Tuesday, April 13, 2010

April 13, 1944: Durnan and The Punch Line lead Habs to their fifth Cup

STC1944Bill Durnan wrapped up his first season in the NHL as effectively as it began.

The 29-year-old rookie had already claimed the Vezina Trophy, and was a unanimous pick to the First All-Star Team (a first for a rookie), as he led the Montreal Canadiens to first place in the 1943-44 standings.

The Canadiens lost just five games that season, allowing just 109 goals in 50 games. By comparison, the second fewest goals allowed were by the Toronto Maple Leafs with 174.

Up front, coach Dick Irvin finally found chemistry for struggling winger Maurice Richard. In December, the left-handed shooting Richard was put on the right wing with veterans Elmer Lach and Toe Blake. The Punch Line was born, blending in with a well-balanced Canadiens offense (six players had 20 or more goals) that didn’t slow down entering the semifinals against Toronto.

The Leafs would pull off a surprise 3-1 victory in Game 1, but that would be as far as the blue and white would get. The Canadiens won the next four games, with Durnan allowing just three goals the rest of the series. In the final game, he shut Toronto out as the Canadiens humiliated their rivals 11-0.

Richard scored seven goals in the series, including his famous five-goal Game Two (March 23)that earned him all Three Stars of the game. The Rocket’s legend was beginning, but as history would show, he was just getting warmed up.

The Canadiens would move on to face the Chicago Blackhawks in the Finals.

Chicago had upset the Detroit Red Wings in five games and came in with some offensive firepower of their own. In fact, Doug Bentley, Clint Smith and Bill Moisienko had a better combined point total than Montreal’s top trio in the regular season.

It would be Richard’s first Final appearance and he would not disappoint. Backed by the goaltending of Durnan, the Canadiens would prove to be no match for the Cinderella hopefuls from the Windy City.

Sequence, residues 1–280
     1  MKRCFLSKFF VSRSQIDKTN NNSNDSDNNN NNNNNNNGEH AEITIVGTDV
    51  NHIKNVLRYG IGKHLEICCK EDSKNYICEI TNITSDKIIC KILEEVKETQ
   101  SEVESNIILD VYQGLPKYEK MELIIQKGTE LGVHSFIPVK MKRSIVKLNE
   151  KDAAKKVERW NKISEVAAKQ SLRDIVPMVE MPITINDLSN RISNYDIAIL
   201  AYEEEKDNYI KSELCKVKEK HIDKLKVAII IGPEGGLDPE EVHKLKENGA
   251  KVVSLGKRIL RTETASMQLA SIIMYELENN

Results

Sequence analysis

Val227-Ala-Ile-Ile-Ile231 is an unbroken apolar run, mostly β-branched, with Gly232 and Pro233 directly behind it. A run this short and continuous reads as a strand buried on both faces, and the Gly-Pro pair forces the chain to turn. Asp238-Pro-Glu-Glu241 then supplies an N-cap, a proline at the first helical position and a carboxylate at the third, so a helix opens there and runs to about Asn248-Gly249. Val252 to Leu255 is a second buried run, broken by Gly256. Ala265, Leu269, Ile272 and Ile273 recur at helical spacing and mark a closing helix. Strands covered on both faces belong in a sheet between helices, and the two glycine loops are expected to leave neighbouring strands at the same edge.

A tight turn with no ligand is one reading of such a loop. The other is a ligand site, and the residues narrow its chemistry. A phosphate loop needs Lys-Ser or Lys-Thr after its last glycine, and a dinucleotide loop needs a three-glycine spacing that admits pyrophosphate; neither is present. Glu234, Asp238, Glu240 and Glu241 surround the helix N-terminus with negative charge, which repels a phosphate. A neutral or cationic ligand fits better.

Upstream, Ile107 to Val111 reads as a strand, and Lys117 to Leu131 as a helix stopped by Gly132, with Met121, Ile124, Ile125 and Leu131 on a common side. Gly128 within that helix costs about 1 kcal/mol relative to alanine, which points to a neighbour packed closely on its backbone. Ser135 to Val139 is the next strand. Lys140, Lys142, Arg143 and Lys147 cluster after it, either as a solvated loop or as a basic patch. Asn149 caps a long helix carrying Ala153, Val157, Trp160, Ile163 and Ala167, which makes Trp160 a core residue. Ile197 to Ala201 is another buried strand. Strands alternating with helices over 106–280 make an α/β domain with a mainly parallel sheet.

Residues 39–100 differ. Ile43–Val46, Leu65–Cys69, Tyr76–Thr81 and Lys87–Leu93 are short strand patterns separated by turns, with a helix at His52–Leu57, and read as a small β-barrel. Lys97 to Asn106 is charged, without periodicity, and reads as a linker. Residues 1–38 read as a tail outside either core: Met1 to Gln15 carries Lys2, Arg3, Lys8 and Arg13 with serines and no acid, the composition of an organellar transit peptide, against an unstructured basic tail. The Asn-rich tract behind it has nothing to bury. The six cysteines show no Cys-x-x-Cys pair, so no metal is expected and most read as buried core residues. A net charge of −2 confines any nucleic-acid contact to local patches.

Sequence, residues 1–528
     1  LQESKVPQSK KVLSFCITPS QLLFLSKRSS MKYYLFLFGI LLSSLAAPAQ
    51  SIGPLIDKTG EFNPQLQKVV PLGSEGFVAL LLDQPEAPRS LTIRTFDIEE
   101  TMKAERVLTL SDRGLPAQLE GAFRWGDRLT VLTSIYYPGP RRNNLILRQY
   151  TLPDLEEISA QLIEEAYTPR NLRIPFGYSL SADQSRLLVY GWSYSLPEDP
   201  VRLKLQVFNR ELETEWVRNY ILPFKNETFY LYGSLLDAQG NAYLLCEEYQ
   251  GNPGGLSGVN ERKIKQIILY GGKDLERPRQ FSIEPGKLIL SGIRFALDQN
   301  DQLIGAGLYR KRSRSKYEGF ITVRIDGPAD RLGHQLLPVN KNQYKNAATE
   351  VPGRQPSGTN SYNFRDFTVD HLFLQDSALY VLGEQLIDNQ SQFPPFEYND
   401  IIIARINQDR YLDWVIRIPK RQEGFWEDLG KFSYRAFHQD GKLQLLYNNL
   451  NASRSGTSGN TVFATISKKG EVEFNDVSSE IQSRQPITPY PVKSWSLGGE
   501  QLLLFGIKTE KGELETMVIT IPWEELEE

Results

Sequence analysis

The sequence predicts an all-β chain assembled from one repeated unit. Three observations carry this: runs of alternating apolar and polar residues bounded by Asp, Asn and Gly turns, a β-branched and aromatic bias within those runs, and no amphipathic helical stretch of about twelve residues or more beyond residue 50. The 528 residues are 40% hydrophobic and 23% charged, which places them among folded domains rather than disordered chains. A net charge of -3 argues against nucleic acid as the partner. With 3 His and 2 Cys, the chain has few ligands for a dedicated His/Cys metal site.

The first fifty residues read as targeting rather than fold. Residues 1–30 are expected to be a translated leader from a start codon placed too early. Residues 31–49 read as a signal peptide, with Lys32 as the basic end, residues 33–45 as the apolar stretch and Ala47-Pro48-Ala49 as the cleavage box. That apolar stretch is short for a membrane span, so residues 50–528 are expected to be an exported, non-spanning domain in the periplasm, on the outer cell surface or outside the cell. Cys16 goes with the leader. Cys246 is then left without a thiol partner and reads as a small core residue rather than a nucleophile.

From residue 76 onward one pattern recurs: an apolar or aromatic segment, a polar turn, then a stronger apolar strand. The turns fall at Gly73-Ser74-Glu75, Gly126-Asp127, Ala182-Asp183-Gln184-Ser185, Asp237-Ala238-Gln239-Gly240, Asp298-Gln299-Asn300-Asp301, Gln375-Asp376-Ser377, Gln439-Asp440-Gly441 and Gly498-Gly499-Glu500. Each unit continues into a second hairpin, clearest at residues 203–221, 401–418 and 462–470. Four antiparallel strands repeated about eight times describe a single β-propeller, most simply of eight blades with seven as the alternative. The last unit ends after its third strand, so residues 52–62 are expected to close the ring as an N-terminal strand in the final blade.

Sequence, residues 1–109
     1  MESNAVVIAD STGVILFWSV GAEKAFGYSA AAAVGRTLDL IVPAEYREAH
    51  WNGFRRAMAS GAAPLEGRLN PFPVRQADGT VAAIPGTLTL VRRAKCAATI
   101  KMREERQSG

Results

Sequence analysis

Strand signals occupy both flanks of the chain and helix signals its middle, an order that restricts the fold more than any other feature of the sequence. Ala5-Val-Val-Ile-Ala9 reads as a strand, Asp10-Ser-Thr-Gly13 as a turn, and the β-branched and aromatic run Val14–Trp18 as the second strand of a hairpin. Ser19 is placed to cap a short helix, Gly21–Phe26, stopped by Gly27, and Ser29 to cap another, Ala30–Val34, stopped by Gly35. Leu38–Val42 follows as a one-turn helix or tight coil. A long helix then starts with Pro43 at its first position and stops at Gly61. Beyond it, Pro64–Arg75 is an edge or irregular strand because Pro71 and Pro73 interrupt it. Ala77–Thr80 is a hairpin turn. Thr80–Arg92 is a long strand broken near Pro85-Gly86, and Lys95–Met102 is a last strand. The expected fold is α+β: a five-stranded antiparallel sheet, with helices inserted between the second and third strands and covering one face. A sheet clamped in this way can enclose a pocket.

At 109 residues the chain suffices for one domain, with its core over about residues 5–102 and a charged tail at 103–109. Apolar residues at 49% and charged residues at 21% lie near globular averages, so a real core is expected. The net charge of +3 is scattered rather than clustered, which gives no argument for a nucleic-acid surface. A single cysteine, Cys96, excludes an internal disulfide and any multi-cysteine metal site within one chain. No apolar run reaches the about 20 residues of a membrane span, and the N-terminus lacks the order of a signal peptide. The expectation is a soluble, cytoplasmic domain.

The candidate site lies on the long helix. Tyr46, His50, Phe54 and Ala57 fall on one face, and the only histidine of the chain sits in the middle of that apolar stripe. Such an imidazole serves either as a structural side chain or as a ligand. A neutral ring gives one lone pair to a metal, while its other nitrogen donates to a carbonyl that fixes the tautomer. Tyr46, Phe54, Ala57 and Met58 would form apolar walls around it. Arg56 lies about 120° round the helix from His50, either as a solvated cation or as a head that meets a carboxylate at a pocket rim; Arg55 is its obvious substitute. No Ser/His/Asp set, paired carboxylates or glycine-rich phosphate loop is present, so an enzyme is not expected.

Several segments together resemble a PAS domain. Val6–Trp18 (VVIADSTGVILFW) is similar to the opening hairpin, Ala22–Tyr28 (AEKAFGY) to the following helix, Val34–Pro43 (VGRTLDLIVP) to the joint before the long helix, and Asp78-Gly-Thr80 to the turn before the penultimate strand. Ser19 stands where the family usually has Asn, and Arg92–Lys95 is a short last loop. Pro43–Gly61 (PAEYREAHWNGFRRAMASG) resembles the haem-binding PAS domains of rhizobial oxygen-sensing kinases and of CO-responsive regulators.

The series took a peculiar format due to lack of ice availability at Chicago Stadium. The first game would be played at the Montreal Forum with the next two games played in Chicago. Game Four, and any remaining games needed, would be played in Montreal.

Montreal took Game One at at the Forum, showing their scoring depth, by a 5-1 score


In Chicago Richard scored all three goals in the Canadiens 3-1 win in Game Two.


In the third game, the Blackhawks managed to get 23 shots at Durnan. Many came from the outside and were easily stopped as Montreal steamed on with a 3-2 victory.

Richard had a single assist in the game, on a second period goal by Blake, that would break the playoff scoring record with his 15th point. It would be a short lived record.


The series moved back to the Montreal with the home team seeking the four-game sweep.

Chicago was not going away easy, and took a 4-1 lead midway into the third period. The forum crowd became angered and started to jeer the Canadiens players. Some even yelled out “Fake!”, feeling their team was throwing the game.

Blake’s squad, an more so the Punch Line, took the crowd’s reaction to heart, and exploded on the Blackhawks.

Lach responded first with a goal,that bounced off the skates of Blackhawks goaltender Mike Karakas, to cut the lead to two with around five minutes to play.

Then a first in Stanley Cup play occurred when the Canadiens Leo Lamoureux tripped up Virgil Johnson on a breakaway. Johnson would be awarded a penalty shot. A Chicago goal would more than likely end any chance for a Montreal rally. Durnan turned aside the penalty shot and stood his ground the rest of the night in the Montreal goal.